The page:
In a document known as the Great Barrington Declaration, signed earlier this month, scientists embrace a concept known as “herd immunity,” in which a population builds up enough resistance to a pathogen that it runs out of victims to infect.
On a call with reporters Monday, two senior White House officials cited the declaration, authored in part by an economist with close ties to Scott Atlas, the radiologist who has become one of Trump’s chief advisers on the coronavirus pandemic. But to public health experts, allowing the virus to run its deadly and devastating course is an unacceptable option that would lead to hundreds of thousands of deaths on top of the 217,000 in the U.S. who have already died from the disease.
“If you just let things rip and let the infection go, no masks, crowd, it doesn’t make any difference — that quite frankly, George, is ridiculous,” Anthony Fauci, director of the National Institute of Allergy and Infectious Diseases, told George Stephanopoulos on ABC’s “Good Morning America” on Thursday. “You’ll wind up with many more infections of vulnerable people, which will lead to hospitalizations and deaths. So I think we’ve just got to look that square in the eye and say it’s nonsense,” Fauci added.
In a statement Thursday, groups like the National Association of County and City Health Officials, the American Public Health Association, the Association of Schools and Programs of Public Health, and the Public Health Institute, condemned the declaration and the flaws in its arguments.
“Covid-19 carries a much higher risk of severe disease and death than other infections where herd immunity was attempted before a vaccine was available,” the groups said. “It is illogical to ignore public health and scientific evidence when so many lives are at stake.”
Some experts pointed to an underlying flaw of the declaration: An assumption that someone who has recovered from the coronavirus will become immune to reinfection in the future. “We just don’t really understand coronavirus immunology well enough to know whether this is going to be a minor, moderate or major concern,” said Michael Osterholm, director of the Center for Infectious Disease Research and Policy at the University of Minnesota. “We have learned so much about Covid-19 over the course of the last seven months, and yet we have so much more to learn.”
The early signs are not promising. A study authored by scientists at the Seoul National University College of Medicine in South Korea and published by the Centers for Disease Control and Prevention in Atlanta showed antibodies in people who recovered from the virus decreased substantially in the months after they were infected. This is a sign that the body does not maintain long-term immunity.
At least three people in the United States have been reinfected after initially recovering from the virus. Doctors at Swedish Medical Center in Seattle identified a third patient, who spent more than 40 days in the hospital before being reinfected with a new strain of the virus several months later.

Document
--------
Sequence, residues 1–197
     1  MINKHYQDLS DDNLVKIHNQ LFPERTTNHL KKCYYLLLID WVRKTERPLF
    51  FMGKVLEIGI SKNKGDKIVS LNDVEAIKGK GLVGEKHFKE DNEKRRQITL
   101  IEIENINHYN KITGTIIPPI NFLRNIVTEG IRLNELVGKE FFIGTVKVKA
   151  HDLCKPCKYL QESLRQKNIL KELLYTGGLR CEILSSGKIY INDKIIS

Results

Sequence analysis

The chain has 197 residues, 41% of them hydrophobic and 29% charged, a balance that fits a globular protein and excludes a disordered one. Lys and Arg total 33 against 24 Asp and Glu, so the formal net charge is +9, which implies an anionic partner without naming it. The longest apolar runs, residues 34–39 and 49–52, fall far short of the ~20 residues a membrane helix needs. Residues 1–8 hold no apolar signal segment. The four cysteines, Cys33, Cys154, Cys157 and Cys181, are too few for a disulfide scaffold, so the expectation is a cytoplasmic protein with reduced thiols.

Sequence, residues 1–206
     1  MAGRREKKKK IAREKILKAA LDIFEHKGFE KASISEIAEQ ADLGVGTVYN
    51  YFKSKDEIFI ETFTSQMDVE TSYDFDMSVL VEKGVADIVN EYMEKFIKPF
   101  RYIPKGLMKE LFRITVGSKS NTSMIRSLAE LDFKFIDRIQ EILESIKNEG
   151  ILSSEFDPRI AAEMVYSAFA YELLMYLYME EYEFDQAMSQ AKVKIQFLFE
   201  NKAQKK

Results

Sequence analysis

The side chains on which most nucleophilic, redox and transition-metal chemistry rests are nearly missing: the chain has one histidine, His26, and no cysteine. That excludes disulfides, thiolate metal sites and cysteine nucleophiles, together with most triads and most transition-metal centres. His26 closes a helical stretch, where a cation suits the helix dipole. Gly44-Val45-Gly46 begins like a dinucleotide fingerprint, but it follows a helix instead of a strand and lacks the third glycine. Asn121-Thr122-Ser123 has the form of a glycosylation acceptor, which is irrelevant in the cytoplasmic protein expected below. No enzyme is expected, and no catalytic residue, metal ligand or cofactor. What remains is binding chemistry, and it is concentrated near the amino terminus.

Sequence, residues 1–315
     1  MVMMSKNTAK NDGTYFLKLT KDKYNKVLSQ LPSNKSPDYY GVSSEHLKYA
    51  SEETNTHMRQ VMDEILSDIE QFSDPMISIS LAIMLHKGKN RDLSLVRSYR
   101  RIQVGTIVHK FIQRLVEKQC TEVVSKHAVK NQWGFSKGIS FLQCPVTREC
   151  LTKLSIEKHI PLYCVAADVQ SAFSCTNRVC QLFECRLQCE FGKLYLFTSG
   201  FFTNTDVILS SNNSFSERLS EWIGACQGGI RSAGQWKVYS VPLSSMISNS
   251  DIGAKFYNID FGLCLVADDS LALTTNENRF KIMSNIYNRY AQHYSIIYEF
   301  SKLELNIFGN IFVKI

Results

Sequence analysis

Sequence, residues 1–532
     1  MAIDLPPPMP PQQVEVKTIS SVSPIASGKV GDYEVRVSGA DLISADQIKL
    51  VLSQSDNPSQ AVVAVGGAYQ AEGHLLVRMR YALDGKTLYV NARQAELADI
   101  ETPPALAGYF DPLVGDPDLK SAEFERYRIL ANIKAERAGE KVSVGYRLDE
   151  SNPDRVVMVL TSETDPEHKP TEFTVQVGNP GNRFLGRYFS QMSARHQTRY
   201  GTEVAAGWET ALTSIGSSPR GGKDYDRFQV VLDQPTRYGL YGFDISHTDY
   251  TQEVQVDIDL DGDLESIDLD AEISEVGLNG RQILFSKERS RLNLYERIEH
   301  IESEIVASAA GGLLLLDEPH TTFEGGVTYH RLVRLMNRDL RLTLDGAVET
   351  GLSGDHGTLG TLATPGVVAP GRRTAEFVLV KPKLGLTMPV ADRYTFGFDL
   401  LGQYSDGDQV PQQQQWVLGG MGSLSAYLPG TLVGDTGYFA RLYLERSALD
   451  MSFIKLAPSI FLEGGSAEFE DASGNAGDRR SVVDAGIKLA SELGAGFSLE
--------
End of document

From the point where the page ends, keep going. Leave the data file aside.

Scientists have documented about two dozen people around the world who have been infected more than once.
The herd immunity strategy — a term that derives from livestock — also relies on the assumption that few younger people will experience serious symptoms of the disease. But about 30 percent of Americans have an underlying condition that could exacerbate the virus, Fauci said.
Others pointed to a substantial number of younger and healthier people who experience more subtle, but longer-lasting symptoms. Those so-called long-haulers, people who struggle to recover for weeks and months, have shown significant abnormalities in the heart and lungs, a sign that even a mild case of the virus could have life-long consequences.
Between 10 and 20 percent of younger confirmed coronavirus patients are in the long-haul camp, and scientists have not yet discovered why some people battle the virus for such prolonged periods.
“Letting this thing run willy-nilly in that group is just inviting an epidemic of long-haulers disease,” Osterholm said.
The Great Barrington Declaration gives tired and anxious Americans an excuse to resume their daily lives, what some have called “pandemic fatigue.” But it comes as the number of daily cases begins to rise again, substantially in many places. The United States has averaged more than 50,000 new infections a day for the past week, and models show a steady rise in infections in Midwestern and Great Plains states seeping south and west.
Modelers at the PolicyLab at the Children’s Hospital of Philadelphia said Wednesday they expected infection rates to rise significantly over the next four weeks. Forecasts are especially troubling in cities like Charlotte, N.C.; Dallas, and Atlanta, where hospitalizations are on the rise.
“We keep waiting for signs that the fall resurgence, which started in the Upper Midwest, could reach a plateau,” said David Rubin, PolicyLab’s director. “But testing positivity rates only continue to rise in the nation’s hot spots and coronavirus-related hospitalizations are increasing in 44 of the 50 states.”
What increasingly looks like a third peak of infections will likely lead to fewer deaths than the first two spikes in April and again over the summer. Doctors and hospitals have become more adept at treating patients, both with pharmaceuticals that reduce mortality rates and through practices like resting those with severe cases on their stomachs.
But even with lower death rates, more cases will still mean more deaths.
“We’ve really improved our outcomes relative to severe illness,” Osterholm said. But, he warned, the Barrington document “is a dangerous mix of pixie dust and pseudoscience.”